What we don't think about when we look at older paintings by the masters is that they (or a tireless apprentice) mixed the paint using ground pigment and oil and egg (for tempera). Here, a beautiful French travel case of pigments in original tubes. Note the graceful penmanship on the labels...so lovely!
Friday, February 7, 2014
Thursday, February 6, 2014
Tuesday, January 28, 2014
Saturday, January 18, 2014
There are countless images of the Eiffel Tower, but I love when it appears like an imposing spaceship from a faraway place, no doubt struggling with French to warn anyone looking up from their déjeuner.
Rene-Jacques, Tour Eiffel 1947
George Garen, La Tour Eiffel 1889
The airship Le Jaune by the LeBaudy brothers glides by the Eiffel Tower in 1903
Thursday, January 2, 2014
Coming in May 2014 (I can't wait!)...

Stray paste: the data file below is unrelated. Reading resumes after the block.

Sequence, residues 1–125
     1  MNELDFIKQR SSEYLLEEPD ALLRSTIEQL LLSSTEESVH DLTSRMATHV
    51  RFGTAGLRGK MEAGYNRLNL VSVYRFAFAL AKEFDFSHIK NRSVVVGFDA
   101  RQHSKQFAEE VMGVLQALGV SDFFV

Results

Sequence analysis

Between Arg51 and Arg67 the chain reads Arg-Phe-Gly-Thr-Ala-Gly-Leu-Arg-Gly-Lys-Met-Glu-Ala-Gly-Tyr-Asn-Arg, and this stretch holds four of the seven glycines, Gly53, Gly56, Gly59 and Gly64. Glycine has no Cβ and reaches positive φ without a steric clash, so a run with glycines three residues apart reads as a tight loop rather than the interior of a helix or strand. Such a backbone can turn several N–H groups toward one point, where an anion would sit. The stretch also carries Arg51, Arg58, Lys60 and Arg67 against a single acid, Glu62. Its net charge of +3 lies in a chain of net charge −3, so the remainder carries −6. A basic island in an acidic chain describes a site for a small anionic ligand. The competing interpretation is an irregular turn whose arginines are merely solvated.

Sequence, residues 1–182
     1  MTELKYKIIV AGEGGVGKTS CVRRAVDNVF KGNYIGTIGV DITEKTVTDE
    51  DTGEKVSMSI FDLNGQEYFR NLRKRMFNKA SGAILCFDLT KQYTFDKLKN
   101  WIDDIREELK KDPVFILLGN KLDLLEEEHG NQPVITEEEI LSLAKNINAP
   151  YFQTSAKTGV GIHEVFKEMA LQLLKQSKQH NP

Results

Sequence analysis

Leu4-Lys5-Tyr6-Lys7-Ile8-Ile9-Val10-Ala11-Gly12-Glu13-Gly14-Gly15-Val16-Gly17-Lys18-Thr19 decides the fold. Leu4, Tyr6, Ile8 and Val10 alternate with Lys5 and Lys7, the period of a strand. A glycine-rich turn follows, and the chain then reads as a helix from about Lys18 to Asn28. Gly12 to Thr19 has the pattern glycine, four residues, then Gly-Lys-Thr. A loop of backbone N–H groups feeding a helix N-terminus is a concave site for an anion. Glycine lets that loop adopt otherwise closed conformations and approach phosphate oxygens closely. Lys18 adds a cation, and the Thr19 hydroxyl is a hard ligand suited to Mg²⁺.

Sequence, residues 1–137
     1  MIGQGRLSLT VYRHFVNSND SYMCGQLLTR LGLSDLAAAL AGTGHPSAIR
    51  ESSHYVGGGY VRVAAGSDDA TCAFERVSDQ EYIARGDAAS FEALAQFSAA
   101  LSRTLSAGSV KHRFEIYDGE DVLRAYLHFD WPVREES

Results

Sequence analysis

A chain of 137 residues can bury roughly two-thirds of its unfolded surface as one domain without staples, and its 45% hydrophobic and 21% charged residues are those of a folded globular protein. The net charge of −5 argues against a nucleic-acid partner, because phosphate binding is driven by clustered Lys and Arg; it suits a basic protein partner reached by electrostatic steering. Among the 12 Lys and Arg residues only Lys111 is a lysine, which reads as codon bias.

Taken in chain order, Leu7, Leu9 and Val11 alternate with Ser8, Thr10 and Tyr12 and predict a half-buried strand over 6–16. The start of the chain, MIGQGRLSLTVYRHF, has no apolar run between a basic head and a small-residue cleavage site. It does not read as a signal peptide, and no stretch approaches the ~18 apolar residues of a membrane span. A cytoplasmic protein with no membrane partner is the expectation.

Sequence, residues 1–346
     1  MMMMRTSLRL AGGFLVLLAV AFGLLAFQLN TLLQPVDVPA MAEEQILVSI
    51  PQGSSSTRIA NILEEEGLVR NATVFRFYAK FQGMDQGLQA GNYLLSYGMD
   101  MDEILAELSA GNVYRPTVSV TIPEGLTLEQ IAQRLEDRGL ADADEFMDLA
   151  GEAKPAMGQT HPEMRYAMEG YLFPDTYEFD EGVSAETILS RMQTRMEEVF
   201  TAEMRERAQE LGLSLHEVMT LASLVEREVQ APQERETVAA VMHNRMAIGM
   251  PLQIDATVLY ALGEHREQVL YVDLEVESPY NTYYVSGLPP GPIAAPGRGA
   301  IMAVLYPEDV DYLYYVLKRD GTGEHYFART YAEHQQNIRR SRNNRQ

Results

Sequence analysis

Described on Amazon and Barnes and Noble for pre-order customers: Girls Standing on Lawns is a unique collaboration between renowned artist and bestselling children’s book author Maira Kalman and New York Times bestselling writer Daniel Handler, better known as Lemony Snicket. This clever book contains 40 vintage photographs from the collection of The Museum of Modern Art, New York, more than a dozen original paintings by Kalman inspired by the photographs, and brief, lyrical texts by Handler. Poetic and thought-provoking, Girls Standing on Lawns is a meditation on memories, childhood, nostalgia, home, family, and the act of seeing. The gorgeous visual material sets the stage for what Handler succinctly describes as “a photograph, a painting, a sentence, a pose.” Girls, women, families, and even pets from days gone by grace the pages, looking out at us, enticing readers to imagine these people, their lives—and where they have gone.
I love the idea that a picture (photograph or painting) often contains a moment, a story, an entire world. I bought a book years ago, Transforming Vision: Writers on Art, a delightful collection (pub. 1994) of poems and prose, inspired by familiar art from our country's finest museums. Joyce Carol Oates wrote a wonderful piece on Edward Hopper's painting, Nighthawks: